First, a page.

Further analysis of current data

Over the past few weeks, I learned more about how to use the mass spectrometer properly. At first I learned how to use the basic functions of the instrument.  Then I learned that when the data looks skewed, I have to search for what I was doing incorrectly. In order to do so, I have to adjust the collision energy as well as the isolation width in order to see certain fragments. Through several trials, I discovered that contamination appears in single MS and not in tandem.  In cases where we find two peaks from the monomer and the fragments, we add analytes to our data.

Learning how to analyze data

The grad student in my lab taught me how to analyze the dissociation of dimers more closely and reasons for our specific experiment. After tuning, I try to adjust the collision energy in order to find certain peaks at a higher ion count. I learned that when I see homodimers form, then the solution at question is dimerizing. I also learned that fragmentation is essential as the solution breaks up, all the fragments should add up to the original compound. Also, if we chose to analyze only two of the fragments, then we would have to look at those two fragments for each dimer. Furthermore, she informed me that compounds that form intramolecular hydrogen bonded rings are satisfied as they are so they do not like to form dimers.

Reading about Mass Spectrometry

During the days of waiting for the mass spectrometer to be fixed, I learned a lot about the purposes for our experiment. Upon reading several articles, I learned that finding the proton affinity of different compounds is crucial as it is one of the most fundamental  properties in chemistry. In addition, dimerizing is a form of non-covalent bonding of two compounds through a hydrogen bond. We only use references that have one basic site so that we know where they protonate. In order to find the relative proton affinity of our analytes, we must know the absolute proton affinity for our references.  These are usually obtained using the equilibrium method.  In my reading, I learned the many different ways to measure proton affinities including equilibrium, the kinetic method, and the bracketing method. As our analytes are non-volatile, we are forced to use the kinetic method.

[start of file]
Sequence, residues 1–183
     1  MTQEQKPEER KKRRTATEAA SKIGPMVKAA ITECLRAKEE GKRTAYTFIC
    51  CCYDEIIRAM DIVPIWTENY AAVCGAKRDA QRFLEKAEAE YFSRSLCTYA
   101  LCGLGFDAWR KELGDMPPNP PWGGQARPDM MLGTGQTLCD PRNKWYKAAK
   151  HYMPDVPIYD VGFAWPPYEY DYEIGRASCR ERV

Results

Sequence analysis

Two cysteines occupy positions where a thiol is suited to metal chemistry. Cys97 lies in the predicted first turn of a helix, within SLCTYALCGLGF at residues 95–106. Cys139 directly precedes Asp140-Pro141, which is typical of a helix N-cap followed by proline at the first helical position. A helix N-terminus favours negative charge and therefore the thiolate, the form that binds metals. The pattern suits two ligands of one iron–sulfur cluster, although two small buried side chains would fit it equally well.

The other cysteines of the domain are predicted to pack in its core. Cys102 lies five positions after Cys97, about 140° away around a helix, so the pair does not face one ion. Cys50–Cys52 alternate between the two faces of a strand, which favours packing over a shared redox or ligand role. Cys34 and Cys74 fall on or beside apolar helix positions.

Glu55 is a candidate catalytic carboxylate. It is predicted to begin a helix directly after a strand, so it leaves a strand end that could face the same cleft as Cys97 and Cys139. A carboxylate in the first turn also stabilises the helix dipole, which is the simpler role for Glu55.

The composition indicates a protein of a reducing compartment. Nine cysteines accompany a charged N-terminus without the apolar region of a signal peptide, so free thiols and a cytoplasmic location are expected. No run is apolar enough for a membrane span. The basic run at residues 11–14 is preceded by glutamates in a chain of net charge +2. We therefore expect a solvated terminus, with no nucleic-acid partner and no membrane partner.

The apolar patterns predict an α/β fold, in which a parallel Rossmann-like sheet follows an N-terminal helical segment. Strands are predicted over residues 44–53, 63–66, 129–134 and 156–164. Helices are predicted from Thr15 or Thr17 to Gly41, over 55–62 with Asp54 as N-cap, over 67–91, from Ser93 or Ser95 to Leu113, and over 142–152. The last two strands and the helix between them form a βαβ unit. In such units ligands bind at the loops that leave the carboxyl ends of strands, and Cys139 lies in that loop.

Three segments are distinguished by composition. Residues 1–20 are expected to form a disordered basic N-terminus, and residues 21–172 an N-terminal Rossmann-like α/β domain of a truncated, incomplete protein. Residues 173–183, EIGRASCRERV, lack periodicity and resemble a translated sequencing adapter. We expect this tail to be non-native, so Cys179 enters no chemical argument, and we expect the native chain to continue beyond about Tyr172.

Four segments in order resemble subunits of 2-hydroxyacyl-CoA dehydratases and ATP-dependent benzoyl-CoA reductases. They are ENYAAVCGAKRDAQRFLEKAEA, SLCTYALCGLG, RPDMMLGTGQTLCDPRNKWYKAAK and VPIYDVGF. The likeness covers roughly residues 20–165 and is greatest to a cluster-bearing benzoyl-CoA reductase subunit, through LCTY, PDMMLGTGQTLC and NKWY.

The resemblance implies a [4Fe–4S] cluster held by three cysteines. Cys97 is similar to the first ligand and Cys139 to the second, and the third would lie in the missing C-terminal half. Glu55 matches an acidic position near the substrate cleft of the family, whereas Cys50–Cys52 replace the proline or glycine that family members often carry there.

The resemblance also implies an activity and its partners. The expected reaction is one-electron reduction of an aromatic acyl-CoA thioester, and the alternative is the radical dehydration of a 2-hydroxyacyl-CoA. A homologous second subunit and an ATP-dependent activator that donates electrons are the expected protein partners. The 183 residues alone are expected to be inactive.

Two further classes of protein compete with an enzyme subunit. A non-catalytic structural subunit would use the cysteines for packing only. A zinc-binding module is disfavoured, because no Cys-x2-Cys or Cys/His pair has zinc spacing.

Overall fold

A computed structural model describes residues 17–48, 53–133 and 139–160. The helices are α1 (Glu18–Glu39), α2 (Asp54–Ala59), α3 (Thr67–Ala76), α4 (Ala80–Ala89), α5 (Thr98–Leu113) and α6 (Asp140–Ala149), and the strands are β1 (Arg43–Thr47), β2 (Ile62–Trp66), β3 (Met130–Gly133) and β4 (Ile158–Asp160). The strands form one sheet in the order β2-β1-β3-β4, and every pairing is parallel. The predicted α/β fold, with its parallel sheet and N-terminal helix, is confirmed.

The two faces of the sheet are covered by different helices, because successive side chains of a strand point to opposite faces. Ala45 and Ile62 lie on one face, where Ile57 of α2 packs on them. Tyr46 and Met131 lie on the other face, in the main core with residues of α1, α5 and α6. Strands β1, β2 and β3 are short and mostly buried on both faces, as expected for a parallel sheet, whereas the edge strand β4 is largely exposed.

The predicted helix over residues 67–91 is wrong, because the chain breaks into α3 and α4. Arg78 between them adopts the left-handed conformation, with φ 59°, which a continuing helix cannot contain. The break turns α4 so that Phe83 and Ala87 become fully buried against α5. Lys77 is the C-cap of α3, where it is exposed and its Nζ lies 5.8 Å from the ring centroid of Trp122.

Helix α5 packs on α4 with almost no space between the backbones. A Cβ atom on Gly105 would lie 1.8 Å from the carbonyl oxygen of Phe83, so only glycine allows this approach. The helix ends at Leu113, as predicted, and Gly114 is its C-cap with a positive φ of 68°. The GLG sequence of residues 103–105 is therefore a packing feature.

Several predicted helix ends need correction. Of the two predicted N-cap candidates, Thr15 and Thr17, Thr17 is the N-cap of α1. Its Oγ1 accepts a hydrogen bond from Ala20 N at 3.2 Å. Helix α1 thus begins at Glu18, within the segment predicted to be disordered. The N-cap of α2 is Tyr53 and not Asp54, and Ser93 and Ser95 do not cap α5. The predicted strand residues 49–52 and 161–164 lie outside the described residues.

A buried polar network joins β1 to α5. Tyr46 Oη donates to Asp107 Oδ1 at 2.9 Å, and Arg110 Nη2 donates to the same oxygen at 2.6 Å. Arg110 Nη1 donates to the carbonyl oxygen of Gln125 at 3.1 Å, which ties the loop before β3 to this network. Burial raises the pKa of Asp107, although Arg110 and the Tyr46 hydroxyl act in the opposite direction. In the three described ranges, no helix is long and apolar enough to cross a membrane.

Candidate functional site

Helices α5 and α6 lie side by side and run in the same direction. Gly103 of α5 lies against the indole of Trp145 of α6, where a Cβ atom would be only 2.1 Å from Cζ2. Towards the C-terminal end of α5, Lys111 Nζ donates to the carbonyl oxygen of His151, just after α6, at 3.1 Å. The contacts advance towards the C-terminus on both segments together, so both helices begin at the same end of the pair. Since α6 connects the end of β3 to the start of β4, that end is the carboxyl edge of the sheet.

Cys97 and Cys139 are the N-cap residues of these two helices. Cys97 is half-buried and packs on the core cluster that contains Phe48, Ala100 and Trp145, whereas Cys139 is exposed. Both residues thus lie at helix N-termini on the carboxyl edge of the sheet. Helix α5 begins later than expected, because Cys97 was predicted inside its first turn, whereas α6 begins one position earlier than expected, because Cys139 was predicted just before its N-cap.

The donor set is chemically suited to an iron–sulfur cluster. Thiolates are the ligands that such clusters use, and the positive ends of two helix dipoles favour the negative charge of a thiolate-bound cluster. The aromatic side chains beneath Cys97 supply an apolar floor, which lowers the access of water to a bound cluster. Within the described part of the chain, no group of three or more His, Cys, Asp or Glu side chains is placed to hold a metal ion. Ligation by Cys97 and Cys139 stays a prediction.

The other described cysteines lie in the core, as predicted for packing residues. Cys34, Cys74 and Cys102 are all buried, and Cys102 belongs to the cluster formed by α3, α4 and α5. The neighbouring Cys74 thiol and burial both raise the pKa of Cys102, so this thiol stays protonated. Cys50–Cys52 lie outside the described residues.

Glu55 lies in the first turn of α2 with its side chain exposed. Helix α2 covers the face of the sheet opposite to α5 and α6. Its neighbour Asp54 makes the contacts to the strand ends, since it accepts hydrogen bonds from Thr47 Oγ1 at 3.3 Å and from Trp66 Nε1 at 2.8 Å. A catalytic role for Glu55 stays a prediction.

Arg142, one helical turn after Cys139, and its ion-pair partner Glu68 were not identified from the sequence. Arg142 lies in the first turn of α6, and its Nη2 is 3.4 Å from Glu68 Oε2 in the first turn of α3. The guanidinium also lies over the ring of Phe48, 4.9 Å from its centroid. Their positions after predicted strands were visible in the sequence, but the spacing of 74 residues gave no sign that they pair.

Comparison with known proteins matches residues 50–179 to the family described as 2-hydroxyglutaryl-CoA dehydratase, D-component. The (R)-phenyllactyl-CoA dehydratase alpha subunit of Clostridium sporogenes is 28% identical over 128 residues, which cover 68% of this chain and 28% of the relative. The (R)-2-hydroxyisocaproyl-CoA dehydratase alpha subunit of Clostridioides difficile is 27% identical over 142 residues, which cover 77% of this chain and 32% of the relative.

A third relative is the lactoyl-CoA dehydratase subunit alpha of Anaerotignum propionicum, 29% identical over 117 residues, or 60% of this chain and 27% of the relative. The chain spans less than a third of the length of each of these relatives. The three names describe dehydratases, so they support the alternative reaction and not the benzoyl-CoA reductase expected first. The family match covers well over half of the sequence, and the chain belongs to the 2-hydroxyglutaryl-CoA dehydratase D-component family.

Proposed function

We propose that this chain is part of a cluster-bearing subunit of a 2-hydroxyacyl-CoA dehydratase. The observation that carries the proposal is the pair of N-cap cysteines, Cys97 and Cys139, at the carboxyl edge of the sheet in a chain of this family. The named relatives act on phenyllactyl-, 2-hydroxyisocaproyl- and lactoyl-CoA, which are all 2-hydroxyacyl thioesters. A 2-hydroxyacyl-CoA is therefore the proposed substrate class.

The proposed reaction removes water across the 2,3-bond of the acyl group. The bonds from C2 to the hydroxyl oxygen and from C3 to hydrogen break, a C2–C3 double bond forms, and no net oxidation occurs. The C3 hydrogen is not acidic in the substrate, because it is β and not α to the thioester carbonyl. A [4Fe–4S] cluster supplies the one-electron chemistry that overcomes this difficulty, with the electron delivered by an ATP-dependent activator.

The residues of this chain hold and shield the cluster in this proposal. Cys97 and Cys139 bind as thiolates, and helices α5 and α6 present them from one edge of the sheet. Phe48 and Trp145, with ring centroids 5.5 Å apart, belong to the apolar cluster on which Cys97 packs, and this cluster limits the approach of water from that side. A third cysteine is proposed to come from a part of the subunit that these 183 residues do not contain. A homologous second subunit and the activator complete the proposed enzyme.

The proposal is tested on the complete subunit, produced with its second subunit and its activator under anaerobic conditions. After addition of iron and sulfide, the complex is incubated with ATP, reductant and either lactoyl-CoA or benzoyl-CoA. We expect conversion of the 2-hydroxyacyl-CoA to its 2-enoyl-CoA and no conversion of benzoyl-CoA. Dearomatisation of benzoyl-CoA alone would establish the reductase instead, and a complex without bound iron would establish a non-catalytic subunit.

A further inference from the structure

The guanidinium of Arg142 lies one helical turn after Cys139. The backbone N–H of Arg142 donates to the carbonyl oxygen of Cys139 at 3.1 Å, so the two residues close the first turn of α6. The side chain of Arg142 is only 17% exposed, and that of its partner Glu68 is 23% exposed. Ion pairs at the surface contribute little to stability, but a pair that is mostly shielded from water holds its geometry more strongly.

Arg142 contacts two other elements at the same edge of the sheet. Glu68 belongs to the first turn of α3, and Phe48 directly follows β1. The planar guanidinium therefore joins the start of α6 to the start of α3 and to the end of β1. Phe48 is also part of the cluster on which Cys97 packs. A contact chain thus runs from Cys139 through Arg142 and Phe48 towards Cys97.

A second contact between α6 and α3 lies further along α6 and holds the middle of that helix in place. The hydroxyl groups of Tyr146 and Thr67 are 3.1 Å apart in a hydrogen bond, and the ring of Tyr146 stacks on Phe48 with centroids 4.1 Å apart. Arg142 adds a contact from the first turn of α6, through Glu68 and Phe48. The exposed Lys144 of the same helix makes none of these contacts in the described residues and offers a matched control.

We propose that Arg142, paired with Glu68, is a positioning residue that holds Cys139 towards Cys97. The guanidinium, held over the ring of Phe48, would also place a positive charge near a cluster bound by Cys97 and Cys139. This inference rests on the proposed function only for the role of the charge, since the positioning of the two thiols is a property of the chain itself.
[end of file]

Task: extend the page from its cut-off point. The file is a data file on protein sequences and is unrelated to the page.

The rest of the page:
Third of Week of Being an Ion Thermochemist

The first week of lab, we did our annual cleaning as well as inventory. The following week, we were taught the different uses for mass spectrometers and their purposes. Emphasis was put on learning the theory behind the applications we undertake. Specifically, in relation to estimating chemical properties of a given compound. This week in lab,  I spent time learning how to find certain reference compounds that could be  a match for a specific analyte. Once I had established a list of possible references, I made dimers of each reference with the analyte in question. Afterwards, we ran the dimer solution through the ion trap mass spectrometer in order to analyze ability of each reference to dimerize with the analyte. I’m hoping to collect a list of viable references for each analyte in question in order to experimentally estimate the analyte’s chemical properties.

Kinetic Method

Hi! My name is Denise Lee and I am a sophomore. My major is chemistry. I am very interested in physical chemistry and have been conducting research under the supervision of Professor Poutsma whose research involves physical chemistry.

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